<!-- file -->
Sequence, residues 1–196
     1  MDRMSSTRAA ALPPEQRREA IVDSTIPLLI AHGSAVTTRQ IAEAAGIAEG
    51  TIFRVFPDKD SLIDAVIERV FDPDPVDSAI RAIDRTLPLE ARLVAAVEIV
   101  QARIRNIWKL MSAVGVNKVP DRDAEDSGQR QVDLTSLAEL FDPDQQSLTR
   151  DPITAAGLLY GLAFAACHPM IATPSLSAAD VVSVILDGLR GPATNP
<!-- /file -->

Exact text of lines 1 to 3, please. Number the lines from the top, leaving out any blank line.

Sequence, residues 1–196
     1  MDRMSSTRAA ALPPEQRREA IVDSTIPLLI AHGSAVTTRQ IAEAAGIAEG
    51  TIFRVFPDKD SLIDAVIERV FDPDPVDSAI RAIDRTLPLE ARLVAAVEIV